720 more “fancy” lamp posts worth 68 million Baht approved for Samut Prakan
Despite widespread public criticism of inappropriate spending and alleged over-pricing, the Racha Thewa Tambon Administration Organization (TAO) Council, in Bang Phli district of Thailand’s Samut Prakan province, has decided to spend another 68 million baht on installing an additional 720 decorative lamp posts in the sub-district.
At a meeting of the council on Tuesday, 15 council members approved the controversial project, while five others objected and four abstained.
Mayor Songchai Nokkamin told the media, after the council meeting, that the project to install the lamp posts was incorporated into the TAO’s development plan and the local people of the sub-district want street lighting, especially in areas where there currently are no lamp posts.
The meeting yesterday was held after the chairman of the council abruptly cancelled the meeting last week, reportedly out of concerns over the spread of COVID-19 infections as some councilors were from high-risk areas.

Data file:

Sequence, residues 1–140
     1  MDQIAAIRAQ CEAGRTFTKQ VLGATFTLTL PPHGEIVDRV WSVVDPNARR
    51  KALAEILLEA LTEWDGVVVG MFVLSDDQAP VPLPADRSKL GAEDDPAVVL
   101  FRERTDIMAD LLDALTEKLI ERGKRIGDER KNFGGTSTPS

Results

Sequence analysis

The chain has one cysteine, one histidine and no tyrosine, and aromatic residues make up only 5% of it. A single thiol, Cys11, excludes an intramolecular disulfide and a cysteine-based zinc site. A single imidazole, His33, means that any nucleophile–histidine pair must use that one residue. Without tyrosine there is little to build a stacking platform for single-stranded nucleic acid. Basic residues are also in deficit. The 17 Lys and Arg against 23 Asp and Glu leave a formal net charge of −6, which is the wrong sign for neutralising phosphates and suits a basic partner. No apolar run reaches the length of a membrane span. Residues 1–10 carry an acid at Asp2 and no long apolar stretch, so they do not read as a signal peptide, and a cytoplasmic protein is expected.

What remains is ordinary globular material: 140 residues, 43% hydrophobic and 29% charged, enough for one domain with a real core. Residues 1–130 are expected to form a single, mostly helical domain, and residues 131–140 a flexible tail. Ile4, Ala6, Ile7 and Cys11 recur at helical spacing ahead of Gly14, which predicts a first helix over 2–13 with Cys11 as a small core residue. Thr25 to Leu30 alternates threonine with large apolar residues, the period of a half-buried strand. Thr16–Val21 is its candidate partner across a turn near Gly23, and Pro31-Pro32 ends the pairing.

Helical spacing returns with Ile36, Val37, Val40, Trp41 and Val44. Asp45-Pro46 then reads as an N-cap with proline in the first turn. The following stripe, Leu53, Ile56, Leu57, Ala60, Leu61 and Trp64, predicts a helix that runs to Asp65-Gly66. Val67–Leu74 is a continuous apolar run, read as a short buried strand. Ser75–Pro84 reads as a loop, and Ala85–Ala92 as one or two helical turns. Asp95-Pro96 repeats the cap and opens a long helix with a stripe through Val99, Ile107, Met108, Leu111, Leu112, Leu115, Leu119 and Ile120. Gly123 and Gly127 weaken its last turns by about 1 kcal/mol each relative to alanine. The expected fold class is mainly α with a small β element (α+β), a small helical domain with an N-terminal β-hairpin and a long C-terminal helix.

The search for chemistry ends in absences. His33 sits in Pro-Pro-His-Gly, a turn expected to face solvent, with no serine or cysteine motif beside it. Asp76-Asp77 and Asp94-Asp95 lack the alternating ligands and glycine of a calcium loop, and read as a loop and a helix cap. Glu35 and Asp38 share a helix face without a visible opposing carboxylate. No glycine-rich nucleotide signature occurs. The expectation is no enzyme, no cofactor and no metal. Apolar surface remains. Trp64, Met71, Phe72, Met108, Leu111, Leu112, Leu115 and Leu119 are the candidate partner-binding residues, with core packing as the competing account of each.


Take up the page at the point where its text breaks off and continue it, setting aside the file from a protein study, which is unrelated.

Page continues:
The 68 million baht budget for the 720 lamp posts translates into about 94,000 baht each. Each post is equipped with a solar cell panel and decorated with the Kinnaree (a half bird half human) figurine on its top.
Several fancy lamp posts were found to be installed in an open field, where there is no paved road, just vehicle tracks.
Last Friday, the Samut Prakan provincial auditor and other auditing officials inspected the decorative lamp posts in the sub-district, as part of the investigation into suspected corruption related to the project.
He declined to talk to the media, claiming that his job is to find information about the project and to report to the Office of the Auditor-General in Bangkok.
Similar lamp posts have also been found in many other local communities such as in Nakhon Si Thammarat, Mukdahan, Phetchabun, Trang, Samut Prakan, Chainat and Chiang Rai provinces.
Under the decentralisation system, local administrative bodies, such as Provincial Administration Organizations (PAOs), TAOs and municipalities, are empowered to use their own money, from locally generated revenues, without being answerable to the Budget Bureau.